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Tuesday / April 25.

With Trump in the White House, what next for the fight against climate change?

By Upasana Hembram

There is sufficient evidence to corroborate climate change as the greatest threat to the planet. Despite this, the Trump administration has pledged to “cancel” the Paris climate agreement and decimate Obama administration’s plans to reduce carbon emissions and promote clean power. The Trump administration has also pledged to curb the funding towards research in climate science. Meanwhile, Scott Pruitt, the new head of the U.S. Environmental Protection Agency, is a lawyer whose career was propelled by suing the EPA and the American Meteorological Society. He has publicly denied that GHG (Greenhouse Gas) emissions are the primary contributors to climate change.

Agreements, treaties, and accords between nation-states, non-governmental organisations, and other civil society groups are already extraordinarily difficult to reach in the rather combative area of climate diplomacy. How the diplomats and climate advocates deal with Trump on climate change without attracting the ire of the White House remains to be seen.

A softer approach

European diplomats spearheading the climate change movement must be careful in acknowledging the mischaracterisation of climate science so far. The upcoming G7 and G20 summits, to be held in Italy and Germany respectively, present themselves as ideal opportunities to initiate a constructive dialogue. Without being overly assertive, climate advocates and diplomats need to persuade the U.S. to remain in the Paris accord. They need to make sure that the U.S. supports the G20’s joint proclamation of commitment to cap greenhouse gas emissions. Staying bound to the Paris agreement only requires timely paperwork and obligatory attendance. Walking out of it, however, will cause massive diplomatic ramifications. The Trump administration cannot afford such ramifications given their immediate concerns on trade and national security. However, this negotiation strategy to garner cooperation from the United States has a high risk of invoking backlash from the effervescent Donald Trump. This is majorly because Trump is sceptical of alliances and claims that climate change is a “Chinese hoax”.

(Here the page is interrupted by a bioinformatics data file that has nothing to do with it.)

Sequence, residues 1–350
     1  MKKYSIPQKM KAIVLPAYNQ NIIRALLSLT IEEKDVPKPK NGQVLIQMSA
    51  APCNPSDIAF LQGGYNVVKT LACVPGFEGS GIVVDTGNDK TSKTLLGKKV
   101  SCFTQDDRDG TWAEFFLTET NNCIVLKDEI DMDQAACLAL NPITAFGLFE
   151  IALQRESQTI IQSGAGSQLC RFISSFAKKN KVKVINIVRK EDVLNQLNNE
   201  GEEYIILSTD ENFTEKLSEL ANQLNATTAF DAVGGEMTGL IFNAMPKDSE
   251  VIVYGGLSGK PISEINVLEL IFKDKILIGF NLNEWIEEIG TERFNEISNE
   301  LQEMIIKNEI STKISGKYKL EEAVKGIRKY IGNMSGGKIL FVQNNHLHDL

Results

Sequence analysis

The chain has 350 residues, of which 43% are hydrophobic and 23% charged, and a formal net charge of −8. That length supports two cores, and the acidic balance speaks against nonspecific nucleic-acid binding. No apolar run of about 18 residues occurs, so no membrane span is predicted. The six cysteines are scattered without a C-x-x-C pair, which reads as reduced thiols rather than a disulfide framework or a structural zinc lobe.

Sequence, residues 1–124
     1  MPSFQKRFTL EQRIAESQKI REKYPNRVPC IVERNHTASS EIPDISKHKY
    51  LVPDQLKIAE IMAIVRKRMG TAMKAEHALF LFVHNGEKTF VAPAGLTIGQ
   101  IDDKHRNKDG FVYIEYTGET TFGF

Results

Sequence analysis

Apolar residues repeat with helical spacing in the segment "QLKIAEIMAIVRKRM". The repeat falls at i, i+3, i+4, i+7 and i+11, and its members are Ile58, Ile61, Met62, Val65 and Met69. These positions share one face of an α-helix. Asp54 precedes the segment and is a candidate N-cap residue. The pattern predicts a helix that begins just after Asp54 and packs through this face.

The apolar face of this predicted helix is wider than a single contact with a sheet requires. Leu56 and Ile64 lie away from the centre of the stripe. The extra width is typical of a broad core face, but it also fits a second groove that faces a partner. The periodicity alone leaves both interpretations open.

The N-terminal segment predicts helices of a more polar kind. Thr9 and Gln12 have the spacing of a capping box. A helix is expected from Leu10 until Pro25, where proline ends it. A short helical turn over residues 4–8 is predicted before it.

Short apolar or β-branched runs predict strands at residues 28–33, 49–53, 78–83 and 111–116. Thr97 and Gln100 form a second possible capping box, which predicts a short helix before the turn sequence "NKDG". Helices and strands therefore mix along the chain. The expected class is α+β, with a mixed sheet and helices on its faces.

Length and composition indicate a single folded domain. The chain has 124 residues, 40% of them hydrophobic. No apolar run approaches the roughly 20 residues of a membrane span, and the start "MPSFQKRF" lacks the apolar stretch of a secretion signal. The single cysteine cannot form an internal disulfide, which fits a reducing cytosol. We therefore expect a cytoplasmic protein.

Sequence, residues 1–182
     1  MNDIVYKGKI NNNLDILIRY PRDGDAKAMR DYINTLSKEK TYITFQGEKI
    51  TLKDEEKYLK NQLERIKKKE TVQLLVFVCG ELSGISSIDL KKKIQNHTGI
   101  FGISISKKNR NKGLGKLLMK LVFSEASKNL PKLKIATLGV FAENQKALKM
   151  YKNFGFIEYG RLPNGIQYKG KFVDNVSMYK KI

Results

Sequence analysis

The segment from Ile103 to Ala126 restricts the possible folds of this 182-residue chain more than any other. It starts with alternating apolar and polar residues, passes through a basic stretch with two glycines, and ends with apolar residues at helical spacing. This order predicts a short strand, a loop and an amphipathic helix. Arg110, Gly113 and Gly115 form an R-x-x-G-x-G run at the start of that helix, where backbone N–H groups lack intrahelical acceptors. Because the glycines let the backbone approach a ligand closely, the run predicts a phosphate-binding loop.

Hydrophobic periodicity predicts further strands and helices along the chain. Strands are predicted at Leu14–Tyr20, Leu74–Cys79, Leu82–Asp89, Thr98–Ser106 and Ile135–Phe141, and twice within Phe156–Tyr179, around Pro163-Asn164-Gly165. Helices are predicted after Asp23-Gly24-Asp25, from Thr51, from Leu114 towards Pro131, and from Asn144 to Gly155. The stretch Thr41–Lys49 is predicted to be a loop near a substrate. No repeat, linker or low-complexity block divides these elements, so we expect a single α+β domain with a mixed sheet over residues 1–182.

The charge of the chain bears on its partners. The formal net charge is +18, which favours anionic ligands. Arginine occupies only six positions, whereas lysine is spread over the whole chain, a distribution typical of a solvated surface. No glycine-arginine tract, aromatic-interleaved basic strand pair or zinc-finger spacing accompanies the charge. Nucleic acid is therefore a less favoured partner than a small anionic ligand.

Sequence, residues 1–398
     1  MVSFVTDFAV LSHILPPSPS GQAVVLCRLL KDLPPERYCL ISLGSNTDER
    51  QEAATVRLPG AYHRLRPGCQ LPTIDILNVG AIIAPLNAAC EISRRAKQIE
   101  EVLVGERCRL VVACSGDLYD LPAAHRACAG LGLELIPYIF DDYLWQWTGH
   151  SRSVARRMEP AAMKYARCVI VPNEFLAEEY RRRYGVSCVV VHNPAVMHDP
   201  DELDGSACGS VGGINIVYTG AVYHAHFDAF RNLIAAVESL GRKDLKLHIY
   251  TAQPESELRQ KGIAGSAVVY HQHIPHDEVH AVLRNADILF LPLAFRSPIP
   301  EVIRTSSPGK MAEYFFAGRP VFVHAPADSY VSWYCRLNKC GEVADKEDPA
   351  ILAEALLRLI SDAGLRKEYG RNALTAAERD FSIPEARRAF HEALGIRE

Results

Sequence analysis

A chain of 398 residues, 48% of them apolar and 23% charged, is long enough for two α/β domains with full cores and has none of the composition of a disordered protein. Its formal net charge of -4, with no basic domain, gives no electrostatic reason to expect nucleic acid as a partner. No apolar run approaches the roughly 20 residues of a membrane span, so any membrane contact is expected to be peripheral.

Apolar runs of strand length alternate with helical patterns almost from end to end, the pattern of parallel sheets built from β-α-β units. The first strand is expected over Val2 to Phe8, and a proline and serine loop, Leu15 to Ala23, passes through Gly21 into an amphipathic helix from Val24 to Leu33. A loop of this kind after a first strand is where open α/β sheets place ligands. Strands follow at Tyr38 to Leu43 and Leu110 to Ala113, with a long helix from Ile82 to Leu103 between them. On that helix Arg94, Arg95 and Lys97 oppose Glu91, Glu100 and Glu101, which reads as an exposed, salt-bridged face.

Hoping for a compromise: How the U.S. can be lured

Ivanka Trump and a few other advisers in Trump’s team, however, haven’t completely dismissed having a seat on the table. They are contemplating staying in the agreement while scrapping the pledge to limit carbon emissions. One way to approach this volatile dialogue is to appeal to the employment opportunities that could be entailed.

The key word here is ‘jobs’. Renewable and clean energy sectors are likely to create a large number of job opportunities. According to the OECD’s ENV-Linkages model, the demand for jobs is increasing in the clean energy sectors. As per a study published by the Environmental Defense Fund’s (EDF) Climate Corps program, the US solar and wind industries are creating jobs twelve times faster than the overall economy. The biggest cause of worry during this industrial transformation would be the loss of jobs in the fossil fuel sector. Nevertheless, the US could prevent such a transition in the economy by facilitating a smooth changeover. Strategic investments, coupled with smart policies to fund for the job security of displaced workers will be crucial. In the short term, job transition would be relatively easier as low-carbon technologies are more labour-intensive. This would be the case until progress in technology would make machinery more efficient and eventually cut down on costs. Technology and innovation led changes have proven that they are powerful instruments of job creation, growth, and prosperity. A shift to the emerging green sector will create more jobs in the long run than it will extinguish in the short term. The U.S. could use the opportunities at the G7 and G20 summits to its advantage. It could use these numbers for a more expansive discussion on energy and eventually take a definitive stance on climate change.

Meanwhile, China has been extensively trying to expand its diplomatic influence by joining hands with the EU to lead the global fight against climate change. Even though the EU-China leadership is garnering support from several countries for their ambitious plan to negate global warming, climate change cannot be a secondary priority. The operation requires political cooperation of the highest level and should be enhanced to more than just a technical partnership.


Featured Image Credits: Center For Progressive Reform